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The government of Iran is overthrown by Iranian rebels and the CIA in a coup codenamed Operation Ajax. The coup was planned by CIA operative Kermit Roosevelt after receiving the blessings of the US and British governments. Muhammad Mosaddeq is deposed and the CIA promptly reinstates Shah Mohammad Reza Pahlavi on the throne. The Shah’s secret police, SAVAK, trained by the CIA and Israel’s Mossad, are widely perceived as being as brutal and terrifying as the Nazi Gestapo in World War II. British oil interests in Iran, partially nationalized under previous governments, are returned to British control. American oil interests are retained by 8 private oil companies, who are awarded 40% of the Iranian oil industry. US General Norman Schwarzkopf, Sr. (father of the general with the same name in the 1991 Gulf War) helps the Shah develop the fearsome SAVAK secret police. (Shalom 12/12/2001; Tanzer 2/28/2002) Author Stephen Kinzer will say in 2003, "The result of that coup was that the Shah was placed back on his throne. He ruled for 25 years in an increasingly brutal and repressive fashion. His tyranny resulted in an explosion of revolution in 1979 the event that we call the Islamic revolution. That brought to power a group of fanatically anti-Western clerics who turned Iran into a center for anti-Americanism and, in particular, anti-American terrorism. The Islamic regime in Iran also inspired religious fanatics in many other countries, including those who went on to form the Taliban in Afghanistan and give refuge to terrorists who went on to attack the United States. The anger against the United States that flooded out of Iran following the 1979 revolution has its roots in the American role in crushing Iranian democracy in 1953. Therefore, I think it’s not an exaggeration to say that you can draw a line from the American sponsorship of the 1953 coup in Iran, through the Shah’s repressive regime, to the Islamic revolution of 1979 and the spread of militant religious fundamentalism that produced waves of anti-Western terrorism." (Stephen Kinzer 7/29/2003)
In December 1978, President Carter’s National Security Adviser Zbigniew Brzezinski says, “An arc of crisis stretches along the shores of the Indian Ocean, with fragile social and political structures in a region of vital importance to us threatened with fragmentation. The resulting political chaos could well be filled by elements hostile to our values and sympathetic to our adversaries.” (Time 1/8/1979) There is widespread discontent and rioting in Iran at the time. State Department official Henry Precht will later recall that Brzezinski had the idea “that Islamic forces could be used against the Soviet Union. The theory was, there was an arc of crisis, and so an arc of Islam could be mobilized to contain the Soviets.” (Scott 2007, pp. 67) In November 1978, President Carter appointed George Ball head of a special White House Iran task force under Brzezinski. Ball recommends the US should drop support for the Shah of Iran and support the radical Islamist opposition of Ayatollah Khomeini. This idea is based on ideas from British Islamic expert Dr. Bernard Lewis, who advocates the balkanization of the entire Muslim Near East along tribal and religious lines. The chaos would spread in what he also calls an “arc of crisis” and ultimately destabilize the Muslim regions of the Soviet Union. The Shah will later comment in exile, “I did not know it then, perhaps I did not want to know? But it is clear to me now that the Americans wanted me out. Clearly this is what the human rights advocates in the State Department wanted. What was I to make of the Administration’s sudden decision to call former Under Secretary of State George Ball to the White House as an adviser on Iran? Ball was among those Americans who wanted to abandon me and ultimately my country.” (Engdahl 1992) While there is later debate about US policy towards Iran actually is at this time, it will be noted that the Carter administration had “no clear policy” due to internal divisions and confusion. (Keddie 2003) The Shah abdicates on January 16, 1979, and Ayatollah Khomeini returns from exile to Iran on February 1, 1979, taking over the government. Brzezinski will attempt to create a de facto alliance with Khomeini’s new fundamentalist government, but his efforts will come to a half with the Iranian hostage crisis in November 1979 (see February-November 4, 1979).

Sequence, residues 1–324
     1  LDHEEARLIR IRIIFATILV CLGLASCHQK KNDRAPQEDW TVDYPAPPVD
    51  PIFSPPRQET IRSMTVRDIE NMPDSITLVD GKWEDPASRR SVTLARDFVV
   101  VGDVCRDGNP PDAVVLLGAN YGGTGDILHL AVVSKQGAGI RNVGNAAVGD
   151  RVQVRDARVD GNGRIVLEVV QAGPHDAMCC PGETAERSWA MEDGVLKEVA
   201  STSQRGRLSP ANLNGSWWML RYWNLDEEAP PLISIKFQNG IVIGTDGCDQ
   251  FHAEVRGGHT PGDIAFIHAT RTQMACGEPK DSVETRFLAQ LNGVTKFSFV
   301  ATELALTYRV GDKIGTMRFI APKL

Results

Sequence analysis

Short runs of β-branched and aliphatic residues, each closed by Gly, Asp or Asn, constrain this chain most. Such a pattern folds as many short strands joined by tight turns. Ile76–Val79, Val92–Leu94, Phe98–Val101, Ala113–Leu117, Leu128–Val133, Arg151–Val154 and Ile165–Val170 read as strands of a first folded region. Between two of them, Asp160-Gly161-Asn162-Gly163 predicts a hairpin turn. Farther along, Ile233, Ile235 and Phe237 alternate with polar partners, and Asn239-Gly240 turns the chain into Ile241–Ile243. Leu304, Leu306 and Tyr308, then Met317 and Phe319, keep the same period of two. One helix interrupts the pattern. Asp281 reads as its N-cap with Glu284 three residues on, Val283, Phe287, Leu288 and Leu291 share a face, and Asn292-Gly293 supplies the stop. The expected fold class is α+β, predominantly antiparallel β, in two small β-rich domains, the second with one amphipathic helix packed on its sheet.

After the Shah Mohammad Reza Pahlavi is deposed in Iran and Ayatollah Khomeini takes over as Iran’s new leader in February 1979, the US is interested in continuing to work with the Iranian government. At first the US is taken aback by the new fundamentalist Islamic government, and National Security Adviser Zbigniew Brzezinski contemplates fomenting a military coup to stop Khomeini. But Khomeini is fiercely anti-communist, and Brzezinski soon decides that Iran’s new government can become part of an effective anti-Soviet alliance he calls the “arc of crisis’ (see November 1978-February 1979). The US embassy in Teheran, Iran, remains open, and more US officials come to Iran and begin tentative talks there. (Dreyfuss 2005, pp. 236-243) The CIA in particular begins secretly collaborating with Iranian intelligence, providing information about the Soviet Union, Afghanistan, and Iraq. The CIA and Iran both covertly work to destabilize the pro-Soviet government in Afghanistan. (Dreyfuss 2005, pp. 264-265) In early November 1979, Brzezinski secretly meets with Iranian Prime Minister Mehdi Bazargan, as well as Iran’s foreign minister and defense minister, in Algiers, Algeria. But shortly before the meeting, the US agrees to allow the Shah, dying with cancer, to come to the US for medical treatment. Khomeini is enraged, and on November 4, just three days after the Algeria meeting begins, Khomeini arranges for students to take over the US embassy in Teheran and seize hostages. This realigns political forces in Iran and allows Khomeini to sideline Bazargan and other others meeting in Algeria, rendering the negotiations there moot. Brzezinski’s attempts to create a de facto alliance with Iran collapse. The US hostages will be held for over a year before finally being freed. (Dreyfuss 2005, pp. 240-243)